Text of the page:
Ravens running game key to win against Dolphins

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The Baltimore Ravens will have another opportunity to establish the running game when they face the Miami Dolphins. The Dolphins are ranked last in the NFL when it comes to run defense. They’re allowing a league high 138.5 rushing yards per game.

That is a surprising statistic considering they brought in Ndamukong Suh during the offseason. He was supposed to be the anchor in the middle of the defensive line that would allow the linebackers to get clean hits on the running backs. Suh has done his job of occupying blockers, but the problem is the linebackers aren’t filling like they should.

The New York Jets were able to gain 137 yards on the ground against the Dolphins last week. Chris Ivory and Bilal Powell both averaged over four yards per carry. The Jets got things started from the very beginning of the game with a 16-yard run on their first play from scrimmage.

The run featured a perfectly executed wide zone backside cutback run by Ivory and the Jets. The play got the defense flowing to the strong side of the defense and D’Brickashaw Ferguson, the Jets Pro Bowl left tackle sealed Koa Misi just as Ivory cut his run back to the weak side of the formation.

The other key block came from Jets wide receiver Quincy Enuwa. Enuwa executed a perfect cut block on Dolphins defensive end Olivier Vernon that along with Ferguson’s seal block opened up a huge lane for Ivory to run through.

As mentioned earlier, the Dolphins are last in the NFL in rushing yards allowed. Opposing teams are also attempting a league-high 32.7 rushes against the Dolphins. Marc Trestman needs to strive for balance in the Ravens offense. This is something that can and must happen against the Dolphins.

Just to put things in perspective, opposing teams are using the rushing attack as 47.4 percent of their offense when facing the Dolphins. This is yet another statistic that lands the Dolphins last in the NFL.

The Ravens feature a combination of Terrance West and Buck Allen against the Cleveland Browns last week. They found success in the running game, averaging 4.5 yards per carry, but they didn’t stick to it. Trestman only called a combined 19 carries for West and Allen. The Browns happen to be the NFL’s second-worst run defense, giving up 135.6 yards per game.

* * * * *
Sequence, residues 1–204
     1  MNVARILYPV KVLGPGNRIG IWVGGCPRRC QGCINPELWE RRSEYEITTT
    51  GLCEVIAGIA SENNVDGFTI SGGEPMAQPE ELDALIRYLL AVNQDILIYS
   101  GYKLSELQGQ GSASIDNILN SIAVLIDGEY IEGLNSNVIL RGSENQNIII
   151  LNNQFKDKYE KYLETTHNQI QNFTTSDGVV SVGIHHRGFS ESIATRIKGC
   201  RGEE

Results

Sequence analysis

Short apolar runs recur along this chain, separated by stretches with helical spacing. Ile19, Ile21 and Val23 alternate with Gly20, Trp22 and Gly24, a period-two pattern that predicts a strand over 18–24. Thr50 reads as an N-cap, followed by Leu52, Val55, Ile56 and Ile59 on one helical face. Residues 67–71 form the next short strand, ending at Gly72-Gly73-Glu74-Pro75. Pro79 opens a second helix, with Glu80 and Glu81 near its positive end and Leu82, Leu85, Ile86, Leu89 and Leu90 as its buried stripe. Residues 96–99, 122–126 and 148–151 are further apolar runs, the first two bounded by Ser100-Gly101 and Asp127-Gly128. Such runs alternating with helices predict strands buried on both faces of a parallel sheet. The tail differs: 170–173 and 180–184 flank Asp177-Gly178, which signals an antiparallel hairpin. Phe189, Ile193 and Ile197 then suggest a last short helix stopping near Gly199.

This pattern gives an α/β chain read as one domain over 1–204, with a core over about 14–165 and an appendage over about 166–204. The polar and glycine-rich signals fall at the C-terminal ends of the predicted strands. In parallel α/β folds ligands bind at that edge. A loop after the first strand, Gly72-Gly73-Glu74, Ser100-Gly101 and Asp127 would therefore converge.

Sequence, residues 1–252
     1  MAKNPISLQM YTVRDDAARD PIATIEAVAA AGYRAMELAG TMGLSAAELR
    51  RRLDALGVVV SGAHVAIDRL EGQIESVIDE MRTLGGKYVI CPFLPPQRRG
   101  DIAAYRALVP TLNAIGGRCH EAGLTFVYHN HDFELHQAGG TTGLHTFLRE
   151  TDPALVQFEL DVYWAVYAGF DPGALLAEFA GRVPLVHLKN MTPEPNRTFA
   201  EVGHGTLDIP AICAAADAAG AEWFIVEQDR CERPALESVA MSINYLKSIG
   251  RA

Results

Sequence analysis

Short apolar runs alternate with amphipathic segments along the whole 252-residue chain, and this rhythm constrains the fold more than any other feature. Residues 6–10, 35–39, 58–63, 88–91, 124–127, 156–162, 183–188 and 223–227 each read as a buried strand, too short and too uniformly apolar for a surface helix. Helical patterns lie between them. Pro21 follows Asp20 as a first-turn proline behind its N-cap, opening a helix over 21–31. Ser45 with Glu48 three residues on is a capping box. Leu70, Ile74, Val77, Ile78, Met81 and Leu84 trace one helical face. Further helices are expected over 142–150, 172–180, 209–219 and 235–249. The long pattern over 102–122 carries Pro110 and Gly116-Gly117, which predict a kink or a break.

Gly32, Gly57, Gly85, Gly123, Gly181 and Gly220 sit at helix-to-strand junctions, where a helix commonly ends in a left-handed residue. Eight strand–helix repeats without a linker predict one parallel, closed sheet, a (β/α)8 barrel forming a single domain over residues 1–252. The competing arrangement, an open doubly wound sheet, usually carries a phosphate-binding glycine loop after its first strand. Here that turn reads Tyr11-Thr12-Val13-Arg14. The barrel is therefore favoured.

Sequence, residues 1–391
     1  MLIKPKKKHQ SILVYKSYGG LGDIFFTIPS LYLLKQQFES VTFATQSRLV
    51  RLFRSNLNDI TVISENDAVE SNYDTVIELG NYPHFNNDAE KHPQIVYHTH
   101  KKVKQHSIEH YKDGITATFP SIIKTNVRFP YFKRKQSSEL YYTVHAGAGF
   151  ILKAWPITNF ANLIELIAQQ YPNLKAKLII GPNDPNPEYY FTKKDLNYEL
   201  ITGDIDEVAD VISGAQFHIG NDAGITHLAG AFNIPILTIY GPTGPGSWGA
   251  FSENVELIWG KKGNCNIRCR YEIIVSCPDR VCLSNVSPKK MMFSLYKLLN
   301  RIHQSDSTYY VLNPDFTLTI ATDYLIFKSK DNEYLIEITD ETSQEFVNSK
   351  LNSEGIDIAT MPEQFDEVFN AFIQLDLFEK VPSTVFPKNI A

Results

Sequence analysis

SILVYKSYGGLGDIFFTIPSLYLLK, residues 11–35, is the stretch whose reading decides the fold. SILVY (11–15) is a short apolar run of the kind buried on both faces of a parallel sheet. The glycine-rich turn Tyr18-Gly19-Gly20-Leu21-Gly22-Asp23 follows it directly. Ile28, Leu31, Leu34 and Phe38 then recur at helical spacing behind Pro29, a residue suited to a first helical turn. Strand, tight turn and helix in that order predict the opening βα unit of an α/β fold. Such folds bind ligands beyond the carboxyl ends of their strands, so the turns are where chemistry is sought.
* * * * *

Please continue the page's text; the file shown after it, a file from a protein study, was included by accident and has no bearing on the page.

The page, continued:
That being said, why would the Ravens not commit to the run against a team that is so bad at stopping it? Another thing to keep in mind is that Matt Schaub is the quarterback. Establishing the run will make things much easier for him. It will allow the Ravens to work the play action passing game that Schaub has found success in before.

Schaub pointed out how important it is to commit to and establish the running game. “In any game, we want to try to establish the run, it sets up so many things for us in our play-action stuff, and it keeps the defense off balance. It’s when we’re at our best,” Schaub said. “You don’t want to be one-dimensional, and whether you’re playing a team that defends the run well or doesn’t, you still want and establish that. Because you never know how the game is going to flow, and you want to maintain control of the line of scrimmage.”

One way to control the line of scrimmage on offense is to stick to the running game. Trestman needs to let the offensive line get in a groove and wear down the Dolphins defense.